On August 26, 2022, Jason Allen won the Colorado State Fair Fine Arts Competition. At first glance, this might be nothing special – every competition will eventually lead to one piece being crowned the winner. This assessment changes once you consider that he submitted a piece of art that was not drawn by him, but created by AI. Jason Allen used the AI Midjourney to create his artwork, labeled “Jason Allen via Midjourney – Théâtre D'Opéra Spatial“. Convincing the jury, it awarded the first prize. This created a huge backlash among artists and also among lawyers.
Artists, on the one hand, see the threat of dying artistry. On the other hand, there is no legal foundation for this yet. It is undefined who owns AI-generated artworks and thus, is allowed to sell it or to submit it to competitions. Not least does AI-generated art carry a risk of disinformation and deep fakes that could be a cause for concern. For lawyers, these copyright issues arise, as does the question of whether AI-generated work is patentable.
As much as the frustration among other contest participants is understandable, because they submitted self-made artwork, is it justified when considering that Jason Allen put 80 hours of work into the AI-artwork? Is the time spent a determining factor in judging an artist’s performance? Is Jason Allen the one who is allowed to submit the AI-artwork to a competition and collect the $300 prize money? The question of who owns works generated by AI – and who can win prizes with them – is more relevant than ever, because the increasing use of AI cannot be proceeded in a legal vacuum. Pretending that the art competition took place in Canada and answering all those questions from a Canadian perspective, this vacuum could arise if closer analysis showed that the Canadian Copyright Act did not apply to art works created by AI.
Who are the stakeholders in this dispute and who is the owner of the work?
There are a few different possible owners of an artwork created by AI. In the Canadian Copyright Act, owners are referred to as authors. The author is considered to be the first owner of a copyright, pursuant to sec. 13(1) of the Canadian Copyright Act. First, the person who wrote the code, the AI’s developer, could be the author and thus could own the copyright. But the user of the AI, the person who has caused a particular project to be generated, might also be involved. Another possible author could be the AI itself. If none of those players deserves ownership of the work, the copyright can remain in the public domain – and thus no intellectual property applies to it.
Without the developer’s work of developing the code and training the AI, the outcome would not be possible. According Haochen Sun in 2022, the developer has the primary contribution to the outcome’s creation. However, in his paper awarded by the Canadian Bar Association in 2018, Pascal Visentin explained that it is the user who provides the data and causes the AI to create the work. Similarly, Mark Perry and Thomas Margoni from The University of Western Ontario argued in 2010, emphasizing that the developer did not initiate the peculiar work.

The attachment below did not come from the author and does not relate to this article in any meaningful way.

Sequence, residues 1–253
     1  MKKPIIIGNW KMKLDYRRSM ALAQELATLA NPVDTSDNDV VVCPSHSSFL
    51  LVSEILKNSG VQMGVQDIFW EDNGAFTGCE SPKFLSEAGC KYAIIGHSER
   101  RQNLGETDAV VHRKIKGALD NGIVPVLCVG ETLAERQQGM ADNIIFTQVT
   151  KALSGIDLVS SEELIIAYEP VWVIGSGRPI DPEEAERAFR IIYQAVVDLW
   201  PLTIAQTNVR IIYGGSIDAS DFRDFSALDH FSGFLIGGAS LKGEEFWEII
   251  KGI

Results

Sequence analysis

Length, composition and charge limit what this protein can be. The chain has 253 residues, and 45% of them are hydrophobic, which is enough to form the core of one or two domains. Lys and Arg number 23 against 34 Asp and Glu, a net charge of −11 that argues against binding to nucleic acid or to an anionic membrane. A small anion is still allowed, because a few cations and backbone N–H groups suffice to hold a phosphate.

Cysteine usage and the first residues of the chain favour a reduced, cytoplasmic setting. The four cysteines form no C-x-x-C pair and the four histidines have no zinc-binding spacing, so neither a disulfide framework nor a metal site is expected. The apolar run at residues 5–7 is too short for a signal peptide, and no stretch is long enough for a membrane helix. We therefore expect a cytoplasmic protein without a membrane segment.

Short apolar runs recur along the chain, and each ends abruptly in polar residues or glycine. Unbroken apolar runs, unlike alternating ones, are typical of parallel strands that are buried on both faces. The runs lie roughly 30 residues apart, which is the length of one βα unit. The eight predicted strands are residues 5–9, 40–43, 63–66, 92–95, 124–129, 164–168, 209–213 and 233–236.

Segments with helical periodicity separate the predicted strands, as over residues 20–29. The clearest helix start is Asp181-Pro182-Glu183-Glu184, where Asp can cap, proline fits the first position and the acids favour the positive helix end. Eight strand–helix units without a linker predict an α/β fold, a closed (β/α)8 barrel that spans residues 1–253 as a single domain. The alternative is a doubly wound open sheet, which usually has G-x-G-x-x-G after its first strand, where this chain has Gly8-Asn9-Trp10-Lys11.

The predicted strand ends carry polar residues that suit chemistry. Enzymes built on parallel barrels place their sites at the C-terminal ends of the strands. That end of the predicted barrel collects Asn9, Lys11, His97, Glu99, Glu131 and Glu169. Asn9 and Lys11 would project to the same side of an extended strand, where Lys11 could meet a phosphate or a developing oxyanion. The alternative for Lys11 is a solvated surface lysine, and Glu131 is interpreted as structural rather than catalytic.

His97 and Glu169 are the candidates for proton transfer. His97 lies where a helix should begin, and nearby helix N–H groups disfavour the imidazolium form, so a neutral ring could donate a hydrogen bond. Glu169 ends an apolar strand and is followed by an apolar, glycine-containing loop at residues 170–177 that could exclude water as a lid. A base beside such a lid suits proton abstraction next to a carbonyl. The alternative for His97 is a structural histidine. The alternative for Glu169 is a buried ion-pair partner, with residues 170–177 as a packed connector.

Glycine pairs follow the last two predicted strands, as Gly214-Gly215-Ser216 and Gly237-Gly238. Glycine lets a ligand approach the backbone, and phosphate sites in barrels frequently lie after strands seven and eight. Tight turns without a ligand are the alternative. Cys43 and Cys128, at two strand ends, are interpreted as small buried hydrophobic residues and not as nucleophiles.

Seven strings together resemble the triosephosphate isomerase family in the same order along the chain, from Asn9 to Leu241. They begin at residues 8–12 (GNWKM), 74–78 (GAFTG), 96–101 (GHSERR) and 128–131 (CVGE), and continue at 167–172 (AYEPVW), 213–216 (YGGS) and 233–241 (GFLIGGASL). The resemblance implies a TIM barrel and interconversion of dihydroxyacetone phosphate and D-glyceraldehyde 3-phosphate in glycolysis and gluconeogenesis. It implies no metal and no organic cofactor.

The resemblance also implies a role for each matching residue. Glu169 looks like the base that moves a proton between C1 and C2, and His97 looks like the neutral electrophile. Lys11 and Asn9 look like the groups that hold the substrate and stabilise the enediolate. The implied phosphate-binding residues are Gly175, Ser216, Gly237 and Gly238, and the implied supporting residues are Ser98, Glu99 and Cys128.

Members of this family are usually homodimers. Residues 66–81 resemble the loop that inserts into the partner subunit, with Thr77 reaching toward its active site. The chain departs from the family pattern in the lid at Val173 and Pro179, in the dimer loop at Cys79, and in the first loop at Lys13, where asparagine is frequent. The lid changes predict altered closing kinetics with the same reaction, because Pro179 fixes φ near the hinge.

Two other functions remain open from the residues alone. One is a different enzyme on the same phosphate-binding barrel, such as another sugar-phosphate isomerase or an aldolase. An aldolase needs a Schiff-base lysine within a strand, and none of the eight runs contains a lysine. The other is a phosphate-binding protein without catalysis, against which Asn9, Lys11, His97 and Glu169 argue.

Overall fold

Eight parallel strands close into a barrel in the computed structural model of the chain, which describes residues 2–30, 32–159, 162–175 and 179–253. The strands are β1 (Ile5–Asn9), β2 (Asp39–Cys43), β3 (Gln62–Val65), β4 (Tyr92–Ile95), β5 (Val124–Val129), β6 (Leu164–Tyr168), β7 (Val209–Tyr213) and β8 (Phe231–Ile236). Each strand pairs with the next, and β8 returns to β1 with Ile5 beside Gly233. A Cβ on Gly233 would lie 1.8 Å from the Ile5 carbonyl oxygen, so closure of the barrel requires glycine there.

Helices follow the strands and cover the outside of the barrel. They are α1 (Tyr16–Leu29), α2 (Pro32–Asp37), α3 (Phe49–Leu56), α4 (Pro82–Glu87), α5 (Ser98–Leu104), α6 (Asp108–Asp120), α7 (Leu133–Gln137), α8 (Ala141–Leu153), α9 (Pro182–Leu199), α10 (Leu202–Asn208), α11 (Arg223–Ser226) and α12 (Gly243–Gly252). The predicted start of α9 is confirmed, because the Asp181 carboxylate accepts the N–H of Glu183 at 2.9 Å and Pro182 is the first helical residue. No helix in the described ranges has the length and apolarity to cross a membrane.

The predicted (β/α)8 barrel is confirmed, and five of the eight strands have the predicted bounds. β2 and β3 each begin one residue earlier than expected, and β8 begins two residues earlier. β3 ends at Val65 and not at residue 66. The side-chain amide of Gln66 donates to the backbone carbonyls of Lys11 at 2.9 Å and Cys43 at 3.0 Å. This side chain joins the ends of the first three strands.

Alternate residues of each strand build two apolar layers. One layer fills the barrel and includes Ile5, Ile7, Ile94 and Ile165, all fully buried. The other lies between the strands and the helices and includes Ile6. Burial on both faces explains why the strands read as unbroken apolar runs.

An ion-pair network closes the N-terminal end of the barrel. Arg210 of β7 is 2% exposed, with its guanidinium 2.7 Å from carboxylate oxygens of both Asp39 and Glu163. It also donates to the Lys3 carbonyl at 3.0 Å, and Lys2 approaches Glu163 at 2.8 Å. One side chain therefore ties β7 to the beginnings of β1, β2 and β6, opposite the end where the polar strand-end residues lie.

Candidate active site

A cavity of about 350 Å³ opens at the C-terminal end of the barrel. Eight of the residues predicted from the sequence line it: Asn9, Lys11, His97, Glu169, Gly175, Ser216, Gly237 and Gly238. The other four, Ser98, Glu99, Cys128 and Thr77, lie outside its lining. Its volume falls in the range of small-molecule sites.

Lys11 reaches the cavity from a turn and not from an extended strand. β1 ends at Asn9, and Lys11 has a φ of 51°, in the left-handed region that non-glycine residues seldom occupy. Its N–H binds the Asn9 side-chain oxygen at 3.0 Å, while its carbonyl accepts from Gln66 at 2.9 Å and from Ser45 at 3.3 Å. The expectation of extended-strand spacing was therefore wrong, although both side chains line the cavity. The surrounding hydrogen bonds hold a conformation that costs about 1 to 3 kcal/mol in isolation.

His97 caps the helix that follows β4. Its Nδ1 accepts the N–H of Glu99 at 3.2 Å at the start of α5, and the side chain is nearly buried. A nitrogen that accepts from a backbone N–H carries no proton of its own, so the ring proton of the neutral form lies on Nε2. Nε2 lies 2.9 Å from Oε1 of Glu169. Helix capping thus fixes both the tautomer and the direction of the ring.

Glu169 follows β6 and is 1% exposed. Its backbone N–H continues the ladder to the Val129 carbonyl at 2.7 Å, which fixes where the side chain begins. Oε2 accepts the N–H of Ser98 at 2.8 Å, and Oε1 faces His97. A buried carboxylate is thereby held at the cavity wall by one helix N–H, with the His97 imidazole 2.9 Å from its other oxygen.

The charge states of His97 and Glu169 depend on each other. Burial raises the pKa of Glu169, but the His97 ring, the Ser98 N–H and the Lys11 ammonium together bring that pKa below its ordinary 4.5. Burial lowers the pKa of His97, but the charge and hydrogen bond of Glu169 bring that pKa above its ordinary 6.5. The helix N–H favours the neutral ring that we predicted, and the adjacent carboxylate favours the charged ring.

This initiation exists on part of the AI’s user. By selecting an appropriate prompt and starting the program, the user initiates the generation of the work in question. Selecting the right prompt for the desired work can take time and effort. However, compared to creating a work without the use of AI, Perry and Margoni do not see why the user should be rewarded for these actions.
They argue that AI-generated works should remain in the public domain, since “an AI” is not an object that can be rewarded by copyright. And, they propose a cautious approach to property rights, recognizing that AIs are capable of creating myriad works. They are concerned with a breakdown of property rights protection in the form of a market failure, if all these works were given property rights. In their answer to the process of Consultation on a Modern Copyright Framework for Artificial Intelligence and the Internet of Things that Innovation, Science and Economic Development Canada (ISED) published in 2021, the Canadian Federation of Library Associations and Canadian Association of Research Libraries agrees with this finding. They add that human authors might be disadvantaged because they are not able to produce this “mass output”.
This public domain approach seems to overlook the fact that copyright in AI-generated works will not be treated uniformly. Rather, it divides AI-generated works into two parts: those for which it makes sense to keep them in the public domain and those that require copyright for protecting the owner’s rights. For some pieces, it might be fair to keep AI-generated works in the public domain, especially if the AI is used primarily to create the work and not just to revise it. But imagining a work that is corrected by an AI and thus falls into public domain, although a human holds the biggest part in its creation. This does not correspond to reality and does not protect the input. To solve this problem, Sun proposes a distinction between AI works with human contributions, which should be rewarded sui generis IP rights, and those without such contributions. For these sui generis IP rights, Sun suggests, a shorter protection period of ten years could be considered – compared to the existing term of 70 years after the death of the author. Meanwhile, AI works without human contributions would still be treated as mentioned above, assigned to the public domain.